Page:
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Firsts In Recovery

What Recovery looks like.

Recapturing the ability to do a job and/or activity the first time after a stroke can’t be put into adequate words. The word exhilaration though would hint well at describing my sense of accomplishment.

Despite the desire to return to my pre stroke life I spent the Winter and Spring questioning if it was realistically possible.

I had no idea. Last week I did return to my radio show for the first time in nine months.

It felt good.

I feel triumphant!

I’ll not drag out and bore readers with the fundamental details needed both in motor skills and cognitive abilities to broadcast a live radio show, but suffice it to say that it’s a multitask balancing act, not to mention our accompanying interactive online chatroom to monitor.

I had ran a test show to suss out any software or DJ issues yet the night of my live show I was feeling a new self conscious about how my speech would broadcast. I’d need the feedback from the listeners who knew me before the stroke to know.

The stroke affected my right side, including the right side of my face. My muscle tone was damaged, including a slight droop of my mouth.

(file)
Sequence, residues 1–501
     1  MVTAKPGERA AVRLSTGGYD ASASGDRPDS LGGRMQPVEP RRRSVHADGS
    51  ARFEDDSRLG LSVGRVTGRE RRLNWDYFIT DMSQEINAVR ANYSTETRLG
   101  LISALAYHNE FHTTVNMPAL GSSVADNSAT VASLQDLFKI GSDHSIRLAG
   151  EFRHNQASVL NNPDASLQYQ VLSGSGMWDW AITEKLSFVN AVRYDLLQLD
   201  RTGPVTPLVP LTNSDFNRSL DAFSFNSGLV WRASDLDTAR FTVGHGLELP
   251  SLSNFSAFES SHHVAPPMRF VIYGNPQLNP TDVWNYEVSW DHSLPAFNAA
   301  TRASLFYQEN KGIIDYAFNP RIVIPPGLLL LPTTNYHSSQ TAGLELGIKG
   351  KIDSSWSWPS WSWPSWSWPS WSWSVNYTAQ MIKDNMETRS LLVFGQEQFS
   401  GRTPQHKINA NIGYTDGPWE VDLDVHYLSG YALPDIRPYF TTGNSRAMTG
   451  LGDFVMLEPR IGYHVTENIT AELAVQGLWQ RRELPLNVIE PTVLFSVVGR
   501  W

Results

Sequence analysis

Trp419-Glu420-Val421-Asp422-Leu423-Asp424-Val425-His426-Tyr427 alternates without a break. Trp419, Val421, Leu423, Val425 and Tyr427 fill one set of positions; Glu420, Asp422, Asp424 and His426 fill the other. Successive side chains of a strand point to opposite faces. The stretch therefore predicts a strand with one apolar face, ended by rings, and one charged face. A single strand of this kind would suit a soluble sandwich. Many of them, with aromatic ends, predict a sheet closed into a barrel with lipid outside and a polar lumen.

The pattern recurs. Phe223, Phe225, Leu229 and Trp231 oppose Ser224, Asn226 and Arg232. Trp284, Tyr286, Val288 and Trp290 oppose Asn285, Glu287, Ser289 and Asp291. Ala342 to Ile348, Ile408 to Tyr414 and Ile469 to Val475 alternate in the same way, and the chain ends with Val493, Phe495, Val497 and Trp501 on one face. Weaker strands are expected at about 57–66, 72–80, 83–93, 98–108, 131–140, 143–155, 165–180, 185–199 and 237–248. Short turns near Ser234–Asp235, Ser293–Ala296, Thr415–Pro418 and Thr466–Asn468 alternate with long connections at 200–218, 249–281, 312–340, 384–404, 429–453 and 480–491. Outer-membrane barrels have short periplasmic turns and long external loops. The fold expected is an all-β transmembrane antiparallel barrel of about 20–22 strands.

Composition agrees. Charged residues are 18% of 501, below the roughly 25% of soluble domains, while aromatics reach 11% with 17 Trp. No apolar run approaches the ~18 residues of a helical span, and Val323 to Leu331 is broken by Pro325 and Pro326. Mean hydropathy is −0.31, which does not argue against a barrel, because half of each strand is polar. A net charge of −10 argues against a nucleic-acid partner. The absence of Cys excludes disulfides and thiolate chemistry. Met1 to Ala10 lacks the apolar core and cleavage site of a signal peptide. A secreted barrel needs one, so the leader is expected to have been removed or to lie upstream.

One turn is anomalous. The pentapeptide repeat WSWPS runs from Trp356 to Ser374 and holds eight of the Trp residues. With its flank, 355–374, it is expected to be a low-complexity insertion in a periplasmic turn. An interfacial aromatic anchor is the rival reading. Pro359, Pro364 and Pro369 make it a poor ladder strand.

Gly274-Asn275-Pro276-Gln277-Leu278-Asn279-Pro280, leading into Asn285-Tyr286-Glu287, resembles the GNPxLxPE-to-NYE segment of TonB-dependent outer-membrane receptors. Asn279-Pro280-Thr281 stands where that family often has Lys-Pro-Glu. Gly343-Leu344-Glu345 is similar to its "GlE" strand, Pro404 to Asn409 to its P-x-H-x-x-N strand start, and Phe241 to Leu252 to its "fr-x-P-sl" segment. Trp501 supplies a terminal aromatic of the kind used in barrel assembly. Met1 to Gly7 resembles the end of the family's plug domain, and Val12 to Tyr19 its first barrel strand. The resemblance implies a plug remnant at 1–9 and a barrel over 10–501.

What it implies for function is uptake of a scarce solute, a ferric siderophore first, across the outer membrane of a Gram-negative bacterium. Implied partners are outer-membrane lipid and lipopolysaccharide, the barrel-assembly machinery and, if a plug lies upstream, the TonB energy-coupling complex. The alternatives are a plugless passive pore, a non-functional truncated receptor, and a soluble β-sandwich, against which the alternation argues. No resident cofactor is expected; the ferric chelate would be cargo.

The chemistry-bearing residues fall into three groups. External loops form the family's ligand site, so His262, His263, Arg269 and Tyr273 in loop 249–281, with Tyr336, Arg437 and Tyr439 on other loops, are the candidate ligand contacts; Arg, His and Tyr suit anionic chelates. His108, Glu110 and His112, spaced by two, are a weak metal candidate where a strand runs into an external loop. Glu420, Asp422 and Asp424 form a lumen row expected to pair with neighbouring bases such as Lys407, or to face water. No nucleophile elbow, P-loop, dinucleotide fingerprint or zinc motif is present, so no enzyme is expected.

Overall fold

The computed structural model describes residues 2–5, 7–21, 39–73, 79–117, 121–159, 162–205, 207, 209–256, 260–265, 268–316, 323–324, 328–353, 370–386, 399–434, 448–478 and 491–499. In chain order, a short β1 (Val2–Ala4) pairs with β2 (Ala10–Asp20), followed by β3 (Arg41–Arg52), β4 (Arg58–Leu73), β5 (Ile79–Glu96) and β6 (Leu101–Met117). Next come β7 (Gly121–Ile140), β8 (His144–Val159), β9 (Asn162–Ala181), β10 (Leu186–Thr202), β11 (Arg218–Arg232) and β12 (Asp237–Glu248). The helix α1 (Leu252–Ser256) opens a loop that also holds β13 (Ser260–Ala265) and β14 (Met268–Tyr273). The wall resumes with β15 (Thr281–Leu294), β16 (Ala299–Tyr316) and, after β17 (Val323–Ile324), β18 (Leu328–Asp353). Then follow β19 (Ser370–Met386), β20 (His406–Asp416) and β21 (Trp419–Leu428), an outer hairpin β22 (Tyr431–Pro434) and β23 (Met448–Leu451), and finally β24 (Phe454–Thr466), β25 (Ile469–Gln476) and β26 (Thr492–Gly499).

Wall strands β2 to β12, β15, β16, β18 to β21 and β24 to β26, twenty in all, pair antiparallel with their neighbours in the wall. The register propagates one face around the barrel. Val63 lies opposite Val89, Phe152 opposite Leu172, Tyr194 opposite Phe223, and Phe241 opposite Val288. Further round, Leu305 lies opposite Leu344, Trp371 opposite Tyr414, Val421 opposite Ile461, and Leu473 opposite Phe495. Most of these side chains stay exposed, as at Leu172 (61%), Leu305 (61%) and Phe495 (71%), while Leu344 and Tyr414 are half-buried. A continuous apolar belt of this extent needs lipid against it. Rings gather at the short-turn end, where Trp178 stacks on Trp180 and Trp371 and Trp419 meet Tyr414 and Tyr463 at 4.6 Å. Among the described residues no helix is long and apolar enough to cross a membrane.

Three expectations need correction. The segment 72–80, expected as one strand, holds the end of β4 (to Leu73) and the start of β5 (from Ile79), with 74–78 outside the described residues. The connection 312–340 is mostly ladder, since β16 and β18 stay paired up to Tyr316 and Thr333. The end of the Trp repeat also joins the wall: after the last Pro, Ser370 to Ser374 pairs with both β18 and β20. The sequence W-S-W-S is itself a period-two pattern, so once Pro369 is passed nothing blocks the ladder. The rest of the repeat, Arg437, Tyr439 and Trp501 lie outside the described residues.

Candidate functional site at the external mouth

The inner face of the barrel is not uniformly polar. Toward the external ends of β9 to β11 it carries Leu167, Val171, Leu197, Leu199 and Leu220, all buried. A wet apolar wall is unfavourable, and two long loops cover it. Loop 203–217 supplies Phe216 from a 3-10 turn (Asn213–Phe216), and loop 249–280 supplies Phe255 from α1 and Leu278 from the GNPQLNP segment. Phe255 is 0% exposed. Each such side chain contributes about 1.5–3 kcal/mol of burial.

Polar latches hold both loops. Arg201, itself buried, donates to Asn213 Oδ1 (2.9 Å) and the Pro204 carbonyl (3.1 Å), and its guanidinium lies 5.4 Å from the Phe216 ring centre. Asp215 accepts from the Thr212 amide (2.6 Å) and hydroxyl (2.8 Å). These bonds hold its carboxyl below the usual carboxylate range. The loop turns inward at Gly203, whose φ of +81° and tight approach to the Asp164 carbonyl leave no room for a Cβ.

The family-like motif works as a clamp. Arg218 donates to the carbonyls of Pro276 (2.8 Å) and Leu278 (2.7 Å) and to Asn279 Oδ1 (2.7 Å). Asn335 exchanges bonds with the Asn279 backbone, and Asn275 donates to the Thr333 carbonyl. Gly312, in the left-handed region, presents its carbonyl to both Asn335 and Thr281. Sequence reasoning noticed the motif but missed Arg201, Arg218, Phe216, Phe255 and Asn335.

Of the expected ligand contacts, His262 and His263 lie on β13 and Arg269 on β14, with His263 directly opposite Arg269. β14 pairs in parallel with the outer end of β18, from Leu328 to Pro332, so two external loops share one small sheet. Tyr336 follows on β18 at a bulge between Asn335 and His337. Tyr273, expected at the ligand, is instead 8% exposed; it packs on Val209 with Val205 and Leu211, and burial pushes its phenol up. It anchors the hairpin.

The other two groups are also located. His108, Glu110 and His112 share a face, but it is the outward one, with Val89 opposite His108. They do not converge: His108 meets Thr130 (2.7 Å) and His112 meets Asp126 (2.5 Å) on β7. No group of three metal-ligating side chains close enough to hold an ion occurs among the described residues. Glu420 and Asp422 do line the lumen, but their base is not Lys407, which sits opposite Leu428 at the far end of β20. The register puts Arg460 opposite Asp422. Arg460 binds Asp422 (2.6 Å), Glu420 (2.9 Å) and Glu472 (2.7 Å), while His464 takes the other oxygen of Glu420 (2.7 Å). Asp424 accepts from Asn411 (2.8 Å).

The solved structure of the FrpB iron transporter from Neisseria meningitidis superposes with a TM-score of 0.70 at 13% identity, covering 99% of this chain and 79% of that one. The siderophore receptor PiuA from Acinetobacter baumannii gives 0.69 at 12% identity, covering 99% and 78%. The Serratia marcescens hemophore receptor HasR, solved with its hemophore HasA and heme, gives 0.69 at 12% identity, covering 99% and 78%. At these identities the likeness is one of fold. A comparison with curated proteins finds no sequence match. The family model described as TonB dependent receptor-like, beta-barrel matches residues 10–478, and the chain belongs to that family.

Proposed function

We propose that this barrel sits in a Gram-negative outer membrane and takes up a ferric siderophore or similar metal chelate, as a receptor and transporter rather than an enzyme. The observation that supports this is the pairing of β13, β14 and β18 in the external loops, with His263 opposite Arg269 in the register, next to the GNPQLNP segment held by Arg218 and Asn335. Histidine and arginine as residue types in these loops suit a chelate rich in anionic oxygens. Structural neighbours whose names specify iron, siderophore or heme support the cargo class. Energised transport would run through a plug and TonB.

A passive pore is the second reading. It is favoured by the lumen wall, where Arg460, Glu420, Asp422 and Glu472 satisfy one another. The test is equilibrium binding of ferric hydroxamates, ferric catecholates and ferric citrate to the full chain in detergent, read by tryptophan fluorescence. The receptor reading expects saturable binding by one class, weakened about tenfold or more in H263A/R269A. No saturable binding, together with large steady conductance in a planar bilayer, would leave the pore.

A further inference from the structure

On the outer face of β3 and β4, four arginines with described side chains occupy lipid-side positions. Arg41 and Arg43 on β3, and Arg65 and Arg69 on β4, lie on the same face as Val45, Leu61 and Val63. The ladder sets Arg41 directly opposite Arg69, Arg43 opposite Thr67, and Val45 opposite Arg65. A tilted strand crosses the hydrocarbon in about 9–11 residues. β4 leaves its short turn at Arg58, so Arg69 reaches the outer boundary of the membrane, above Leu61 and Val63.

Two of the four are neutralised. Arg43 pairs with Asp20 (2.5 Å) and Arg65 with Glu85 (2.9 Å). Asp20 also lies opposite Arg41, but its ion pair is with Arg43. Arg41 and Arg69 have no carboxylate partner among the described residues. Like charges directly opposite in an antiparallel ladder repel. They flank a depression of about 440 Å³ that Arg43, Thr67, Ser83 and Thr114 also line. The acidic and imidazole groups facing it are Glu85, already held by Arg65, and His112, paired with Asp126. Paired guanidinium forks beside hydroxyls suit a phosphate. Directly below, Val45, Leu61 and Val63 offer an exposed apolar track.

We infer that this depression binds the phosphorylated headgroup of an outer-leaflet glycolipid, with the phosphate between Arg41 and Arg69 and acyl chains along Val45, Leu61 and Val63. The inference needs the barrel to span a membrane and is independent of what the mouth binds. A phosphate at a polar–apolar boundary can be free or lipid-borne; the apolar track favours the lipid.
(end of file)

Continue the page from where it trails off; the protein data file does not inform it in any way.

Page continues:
Rehabilitation therapy after a stroke begins with assessments by three different disciplines; physical therapy, occupational therapy, and speech therapy. (Speech therapy really should be renamed because it encompasses far more than speech.) This discipline assesses and treats cognitive function as well.

I keep saying it, I’m a fortunate stroke survivor, compared to the severity of brain damage I could have endured, I’m in great shape.

My goals were to walk unaided, to have normal use of my right hand and to talk without sounding intoxicated. I was given exercises for all three goals.

Most of the facial exercises were a hoot to witness I’m sure, but the benefits of simply smiling was the best and most natural exercise. The speech exercises were fun, the cognitive tests I loved. My speech therapist told me on our last visit she could no longer ethically treat me, I tested above average which meant no need for this discipline. I had an exercise routine and following it was up to me.

Happily because of the exercises my face muscles regained strength, the droop lifted, my speech although I can hear differences, I think is Understandable.

The real test though would be listeners.

THE SUPPORT…amazing support… and encouragement from those listeners in their feedback touched my heart with tears of gratitude a few times. Tears in a voice can mud up the clarity of a narrative but damn that grateful sense of success was worth the awkwardness of those moments.

Stroke recovery comes in Baby Steps of Firsts.

My first radio show post stroke ✔

@ttaylor2019

Author:

Musicologist, Artist Manager, DJ.Radio Personality, Freelance Writer, Lyricist, Avid Student of Life and Stroke Survivor.

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